A: I have faced several challenges. Firstly, working in such a virgin space was challenging, I must say. Initially, a lot of emaSwati did not believe I could do the job. The second challenge was the competition from the already established South African suppliers, who had a larger market share and could lower their prices to undercut me. However, as I mentioned earlier, I survived this challenge through my local positioning because the competition requires clients to make bulk orders yet our clients in Eswatini do not do many bulk orders, so that’s the advantage that has helped me survive. I am flexible enough to deliver small orders, wherever required. I also overcame this challenge by focusing on my competitive advantages, such as my quality, competitive pricing, flexibility, and customer service delivery. I also invested in improving my production capacity, efficiency, and innovation.

Q: As you scale a business of this nature one would assume that you would require some capital injection. Have you had local financial institutions assist you along the way? If so, how?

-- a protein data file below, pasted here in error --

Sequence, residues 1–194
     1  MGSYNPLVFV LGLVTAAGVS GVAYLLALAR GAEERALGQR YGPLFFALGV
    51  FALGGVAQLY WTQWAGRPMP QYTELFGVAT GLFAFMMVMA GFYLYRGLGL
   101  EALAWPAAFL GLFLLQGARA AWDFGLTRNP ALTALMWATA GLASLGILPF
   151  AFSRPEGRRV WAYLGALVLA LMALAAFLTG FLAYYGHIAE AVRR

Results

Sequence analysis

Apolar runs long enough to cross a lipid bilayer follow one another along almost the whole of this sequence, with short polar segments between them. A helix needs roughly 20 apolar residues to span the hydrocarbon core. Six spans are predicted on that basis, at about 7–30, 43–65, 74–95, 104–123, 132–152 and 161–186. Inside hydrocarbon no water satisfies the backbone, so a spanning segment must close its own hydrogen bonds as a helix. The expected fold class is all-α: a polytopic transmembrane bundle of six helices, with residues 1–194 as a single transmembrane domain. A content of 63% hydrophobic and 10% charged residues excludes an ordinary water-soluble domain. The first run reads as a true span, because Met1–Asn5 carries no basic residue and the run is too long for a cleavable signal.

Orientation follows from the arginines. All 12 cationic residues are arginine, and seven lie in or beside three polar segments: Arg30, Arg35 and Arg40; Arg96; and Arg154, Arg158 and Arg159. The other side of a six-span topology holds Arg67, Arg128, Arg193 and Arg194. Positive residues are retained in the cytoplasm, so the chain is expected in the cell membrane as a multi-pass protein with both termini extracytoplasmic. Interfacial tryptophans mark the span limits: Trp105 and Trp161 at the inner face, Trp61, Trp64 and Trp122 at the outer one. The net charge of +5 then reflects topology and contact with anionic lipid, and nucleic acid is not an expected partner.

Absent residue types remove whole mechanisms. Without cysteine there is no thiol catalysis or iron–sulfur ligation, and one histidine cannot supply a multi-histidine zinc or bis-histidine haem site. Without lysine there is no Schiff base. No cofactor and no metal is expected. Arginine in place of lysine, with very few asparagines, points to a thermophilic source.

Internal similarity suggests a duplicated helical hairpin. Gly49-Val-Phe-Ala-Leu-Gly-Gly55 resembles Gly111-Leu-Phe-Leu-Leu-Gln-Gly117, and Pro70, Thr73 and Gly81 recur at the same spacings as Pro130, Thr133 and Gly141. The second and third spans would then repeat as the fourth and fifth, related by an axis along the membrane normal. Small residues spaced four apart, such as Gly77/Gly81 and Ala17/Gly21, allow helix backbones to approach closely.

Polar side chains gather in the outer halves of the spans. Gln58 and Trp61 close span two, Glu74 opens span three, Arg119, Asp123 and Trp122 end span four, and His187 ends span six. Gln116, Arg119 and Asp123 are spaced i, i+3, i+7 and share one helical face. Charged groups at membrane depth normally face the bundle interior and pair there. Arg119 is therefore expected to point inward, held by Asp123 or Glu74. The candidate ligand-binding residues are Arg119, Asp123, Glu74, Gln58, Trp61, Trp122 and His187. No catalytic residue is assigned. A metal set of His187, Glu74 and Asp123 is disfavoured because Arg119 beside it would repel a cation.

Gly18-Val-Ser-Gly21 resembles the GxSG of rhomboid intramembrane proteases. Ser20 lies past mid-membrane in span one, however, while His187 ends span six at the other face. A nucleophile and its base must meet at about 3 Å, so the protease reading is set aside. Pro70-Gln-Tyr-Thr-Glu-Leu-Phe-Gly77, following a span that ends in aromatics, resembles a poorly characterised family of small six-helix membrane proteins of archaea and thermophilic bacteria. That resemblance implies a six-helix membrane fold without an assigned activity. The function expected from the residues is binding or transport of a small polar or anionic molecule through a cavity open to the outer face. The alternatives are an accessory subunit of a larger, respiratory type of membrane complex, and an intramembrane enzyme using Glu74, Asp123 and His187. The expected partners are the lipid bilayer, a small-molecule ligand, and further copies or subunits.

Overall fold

A: I have been assisted by the Industrial Development Company of Eswatini (IDCE, formerly SIDC) and Standard Bank Eswatini. IDCE helped me when I started my business, by providing me with a loan to buy some of the equipment and inputs. Standard Bank Eswatini on the other hand helped me in 2021, by providing me with working capital to expand my business and buy more equipment and inputs. I am grateful to both of them for their trust and assistance.

Q: Let’s move on to the big one. How did it feel and what did it mean to you to be crowned the Entrepreneur of The Year 2023?

A: It meant a lot to me. It was a great honour and a privilege to receive the award from His Majesty King Mswati III. It was also a recognition and a validation of my hard work and achievements thus far. The Award has subsequently given me and my company a lot of publicity and exposure which has opened a lot of business opportunities. Being awarded this honour has also motivated me to work harder and aim higher.